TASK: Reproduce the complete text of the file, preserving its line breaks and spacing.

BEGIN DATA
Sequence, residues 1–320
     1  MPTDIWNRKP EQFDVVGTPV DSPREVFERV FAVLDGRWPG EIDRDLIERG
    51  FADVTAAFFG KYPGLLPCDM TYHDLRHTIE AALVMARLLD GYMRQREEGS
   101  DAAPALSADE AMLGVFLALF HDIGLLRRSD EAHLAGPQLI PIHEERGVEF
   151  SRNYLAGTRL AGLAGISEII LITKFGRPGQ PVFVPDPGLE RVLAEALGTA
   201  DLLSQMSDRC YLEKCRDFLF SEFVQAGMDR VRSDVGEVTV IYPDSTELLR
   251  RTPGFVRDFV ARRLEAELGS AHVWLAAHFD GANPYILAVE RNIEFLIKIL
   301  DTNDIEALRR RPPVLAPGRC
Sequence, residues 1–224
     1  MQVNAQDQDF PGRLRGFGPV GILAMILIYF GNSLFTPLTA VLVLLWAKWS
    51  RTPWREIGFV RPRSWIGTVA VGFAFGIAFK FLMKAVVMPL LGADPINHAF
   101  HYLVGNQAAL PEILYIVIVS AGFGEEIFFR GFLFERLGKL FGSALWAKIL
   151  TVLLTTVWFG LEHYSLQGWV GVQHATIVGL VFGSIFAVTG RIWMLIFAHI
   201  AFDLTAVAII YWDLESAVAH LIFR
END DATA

Sequence, residues 1–320
     1  MPTDIWNRKP EQFDVVGTPV DSPREVFERV FAVLDGRWPG EIDRDLIERG
    51  FADVTAAFFG KYPGLLPCDM TYHDLRHTIE AALVMARLLD GYMRQREEGS
   101  DAAPALSADE AMLGVFLALF HDIGLLRRSD EAHLAGPQLI PIHEERGVEF
   151  SRNYLAGTRL AGLAGISEII LITKFGRPGQ PVFVPDPGLE RVLAEALGTA
   201  DLLSQMSDRC YLEKCRDFLF SEFVQAGMDR VRSDVGEVTV IYPDSTELLR
   251  RTPGFVRDFV ARRLEAELGS AHVWLAAHFD GANPYILAVE RNIEFLIKIL
   301  DTNDIEALRR RPPVLAPGRC
Sequence, residues 1–224
     1  MQVNAQDQDF PGRLRGFGPV GILAMILIYF GNSLFTPLTA VLVLLWAKWS
    51  RTPWREIGFV RPRSWIGTVA VGFAFGIAFK FLMKAVVMPL LGADPINHAF
   101  HYLVGNQAAL PEILYIVIVS AGFGEEIFFR GFLFERLGKL FGSALWAKIL
   151  TVLLTTVWFG LEHYSLQGWV GVQHATIVGL VFGSIFAVTG RIWMLIFAHI
   201  AFDLTAVAII YWDLESAVAH LIFR